Virtual Humans: Helping Facilitate Breakthroughs in Medicine

Friday, 14 February 2014: 1:30 PM-4:30 PM
Grand Ballroom E (Hyatt Regency Chicago)
Advances in computer hardware and software has made it possible to model the human system in silico, conduct virtual experiments, and validate these with in vitro/in vivo experiments. In addition to developing realistic simulations of the human, a new emerging field—systems medicine—is facilitating the integration of various “omics” along with detailed engineering and mathematical models of the human system. This, in turn, has allowed significant improvements in medical diagnosis and treatment. In this symposium, experts in computer graphics, engineering, and medicine discuss current state-of-the-art and future directions in computer-based modeling of humans at various levels of abstraction and how computational models and simulations are aiding new discoveries in medicine. Key topics covered are P4 Medicine (Personalized, Predictive, Preventive, Participatory), drug validations through a virtual liver, cardiovascular simulation models, advancing education through virtual human anatomy and physiology, neural disorders modeling and simulation, and physics-based models of hip injury.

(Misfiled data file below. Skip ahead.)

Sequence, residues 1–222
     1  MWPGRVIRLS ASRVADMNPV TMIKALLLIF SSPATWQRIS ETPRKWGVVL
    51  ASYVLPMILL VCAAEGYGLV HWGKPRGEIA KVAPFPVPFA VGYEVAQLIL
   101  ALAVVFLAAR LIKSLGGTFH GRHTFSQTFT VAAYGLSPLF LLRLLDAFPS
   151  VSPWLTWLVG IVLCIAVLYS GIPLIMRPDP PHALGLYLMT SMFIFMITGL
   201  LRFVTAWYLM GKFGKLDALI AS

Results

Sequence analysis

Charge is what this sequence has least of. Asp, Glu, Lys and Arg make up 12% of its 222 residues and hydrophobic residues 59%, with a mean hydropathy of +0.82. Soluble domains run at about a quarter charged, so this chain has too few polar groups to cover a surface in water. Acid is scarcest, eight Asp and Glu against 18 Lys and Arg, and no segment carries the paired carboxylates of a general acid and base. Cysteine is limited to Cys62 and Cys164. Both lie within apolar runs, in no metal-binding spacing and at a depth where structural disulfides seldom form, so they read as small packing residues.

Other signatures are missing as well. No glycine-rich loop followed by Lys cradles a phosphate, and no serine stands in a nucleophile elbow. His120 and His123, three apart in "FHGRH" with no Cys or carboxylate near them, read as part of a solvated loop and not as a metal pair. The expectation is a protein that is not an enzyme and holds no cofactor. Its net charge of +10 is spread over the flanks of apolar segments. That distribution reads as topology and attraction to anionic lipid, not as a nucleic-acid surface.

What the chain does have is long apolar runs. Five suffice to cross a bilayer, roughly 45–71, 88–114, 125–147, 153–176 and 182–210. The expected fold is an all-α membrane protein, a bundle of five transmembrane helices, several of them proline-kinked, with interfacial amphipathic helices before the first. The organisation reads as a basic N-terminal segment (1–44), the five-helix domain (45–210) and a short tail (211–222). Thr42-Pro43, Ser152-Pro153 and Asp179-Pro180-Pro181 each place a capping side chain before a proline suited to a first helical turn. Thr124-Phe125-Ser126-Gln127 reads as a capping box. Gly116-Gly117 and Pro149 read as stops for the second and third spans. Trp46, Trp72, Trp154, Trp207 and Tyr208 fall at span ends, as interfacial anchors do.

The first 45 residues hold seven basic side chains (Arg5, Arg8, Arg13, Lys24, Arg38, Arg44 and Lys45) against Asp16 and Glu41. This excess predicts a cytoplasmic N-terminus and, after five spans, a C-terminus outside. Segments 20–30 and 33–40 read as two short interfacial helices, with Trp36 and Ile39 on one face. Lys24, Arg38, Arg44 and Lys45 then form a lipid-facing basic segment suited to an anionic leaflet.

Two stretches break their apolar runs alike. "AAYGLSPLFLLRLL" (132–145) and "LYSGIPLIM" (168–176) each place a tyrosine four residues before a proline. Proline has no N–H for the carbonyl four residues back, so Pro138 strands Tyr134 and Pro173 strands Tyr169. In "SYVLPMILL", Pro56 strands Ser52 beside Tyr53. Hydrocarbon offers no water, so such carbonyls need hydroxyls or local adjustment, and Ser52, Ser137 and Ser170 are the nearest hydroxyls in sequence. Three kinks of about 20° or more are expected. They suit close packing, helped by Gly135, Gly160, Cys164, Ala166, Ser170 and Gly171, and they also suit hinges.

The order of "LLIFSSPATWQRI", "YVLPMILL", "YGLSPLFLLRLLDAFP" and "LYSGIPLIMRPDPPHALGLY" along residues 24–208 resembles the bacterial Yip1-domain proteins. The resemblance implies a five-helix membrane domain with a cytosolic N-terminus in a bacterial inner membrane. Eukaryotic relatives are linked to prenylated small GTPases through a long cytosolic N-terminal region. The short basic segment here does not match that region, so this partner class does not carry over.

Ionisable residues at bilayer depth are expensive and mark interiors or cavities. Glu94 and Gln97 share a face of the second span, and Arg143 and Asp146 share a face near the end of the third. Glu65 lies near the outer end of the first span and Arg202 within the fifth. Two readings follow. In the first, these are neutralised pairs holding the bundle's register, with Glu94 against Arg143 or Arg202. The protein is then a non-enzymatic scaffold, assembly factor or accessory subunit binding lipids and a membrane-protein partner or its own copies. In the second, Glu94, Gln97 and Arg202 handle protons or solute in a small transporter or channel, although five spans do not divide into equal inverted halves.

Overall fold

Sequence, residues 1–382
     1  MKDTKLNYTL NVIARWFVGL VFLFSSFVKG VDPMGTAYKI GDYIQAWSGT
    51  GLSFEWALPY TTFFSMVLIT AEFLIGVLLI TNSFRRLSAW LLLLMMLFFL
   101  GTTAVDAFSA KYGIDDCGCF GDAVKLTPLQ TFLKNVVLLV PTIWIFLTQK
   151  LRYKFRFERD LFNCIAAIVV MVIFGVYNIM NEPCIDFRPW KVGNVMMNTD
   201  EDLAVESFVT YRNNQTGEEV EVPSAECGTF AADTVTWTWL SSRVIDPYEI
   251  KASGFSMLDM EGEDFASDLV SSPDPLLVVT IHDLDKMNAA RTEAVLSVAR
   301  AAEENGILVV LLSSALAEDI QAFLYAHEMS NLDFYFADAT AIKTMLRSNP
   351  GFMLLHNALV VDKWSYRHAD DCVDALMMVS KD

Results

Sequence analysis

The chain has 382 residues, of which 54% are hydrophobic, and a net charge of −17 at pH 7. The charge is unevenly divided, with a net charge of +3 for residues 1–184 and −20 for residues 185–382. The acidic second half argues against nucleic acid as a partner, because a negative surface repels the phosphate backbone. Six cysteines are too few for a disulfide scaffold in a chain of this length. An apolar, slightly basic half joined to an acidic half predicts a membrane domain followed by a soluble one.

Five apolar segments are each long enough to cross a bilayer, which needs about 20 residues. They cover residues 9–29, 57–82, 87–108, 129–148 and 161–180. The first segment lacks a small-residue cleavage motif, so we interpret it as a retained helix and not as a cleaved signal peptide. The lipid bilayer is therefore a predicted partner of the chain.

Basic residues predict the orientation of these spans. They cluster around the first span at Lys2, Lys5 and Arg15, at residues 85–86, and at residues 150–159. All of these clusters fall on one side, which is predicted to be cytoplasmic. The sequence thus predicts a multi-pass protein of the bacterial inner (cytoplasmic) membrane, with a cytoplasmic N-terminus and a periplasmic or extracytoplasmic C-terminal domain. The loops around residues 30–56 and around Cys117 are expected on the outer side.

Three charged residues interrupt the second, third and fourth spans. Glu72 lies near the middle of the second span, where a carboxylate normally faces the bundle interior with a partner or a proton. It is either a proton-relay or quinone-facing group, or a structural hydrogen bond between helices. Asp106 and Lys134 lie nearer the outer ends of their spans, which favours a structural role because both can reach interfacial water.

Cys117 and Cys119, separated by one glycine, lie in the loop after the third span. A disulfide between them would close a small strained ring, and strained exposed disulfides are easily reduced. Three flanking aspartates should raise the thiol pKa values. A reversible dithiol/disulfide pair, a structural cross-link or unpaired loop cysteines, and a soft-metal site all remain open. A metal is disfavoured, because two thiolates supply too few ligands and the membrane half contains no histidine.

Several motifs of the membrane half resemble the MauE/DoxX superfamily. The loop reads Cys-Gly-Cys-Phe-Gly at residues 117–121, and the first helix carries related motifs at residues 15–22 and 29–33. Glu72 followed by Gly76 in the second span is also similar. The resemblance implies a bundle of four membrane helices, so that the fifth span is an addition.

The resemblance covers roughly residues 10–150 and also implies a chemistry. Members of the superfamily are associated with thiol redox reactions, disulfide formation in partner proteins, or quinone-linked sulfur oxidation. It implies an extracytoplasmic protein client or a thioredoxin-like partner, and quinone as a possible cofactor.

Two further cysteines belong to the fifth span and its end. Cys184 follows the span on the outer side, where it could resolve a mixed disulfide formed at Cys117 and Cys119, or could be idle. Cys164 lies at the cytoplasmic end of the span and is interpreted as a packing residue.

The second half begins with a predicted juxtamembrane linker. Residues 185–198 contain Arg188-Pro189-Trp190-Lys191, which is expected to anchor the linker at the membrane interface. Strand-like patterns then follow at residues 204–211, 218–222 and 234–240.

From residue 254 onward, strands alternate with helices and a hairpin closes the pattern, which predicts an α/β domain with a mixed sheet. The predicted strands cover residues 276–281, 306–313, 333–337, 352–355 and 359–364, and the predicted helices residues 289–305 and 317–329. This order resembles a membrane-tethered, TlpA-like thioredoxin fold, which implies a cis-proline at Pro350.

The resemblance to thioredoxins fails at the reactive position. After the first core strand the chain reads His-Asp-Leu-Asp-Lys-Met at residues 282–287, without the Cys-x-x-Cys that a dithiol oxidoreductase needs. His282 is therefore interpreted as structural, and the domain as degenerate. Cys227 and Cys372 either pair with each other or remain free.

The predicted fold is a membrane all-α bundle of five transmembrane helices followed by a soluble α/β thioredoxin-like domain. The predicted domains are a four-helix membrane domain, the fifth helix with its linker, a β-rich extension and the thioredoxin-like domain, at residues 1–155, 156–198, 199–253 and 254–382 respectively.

Ram D. Sriram, National Institute of Standards and Technology
Ramesh Jain, University of California
and Donald Henson, George Washington University
Peter V. Coveney, University College
Computational Biomedicine: Towards the Virtual Human
Nadia Magnenat Thalmann, MIRALab, University of Geneva, Switzerland and NTU, Singapore
Predicting Hip Deformations Through Computer Modeling and Simulation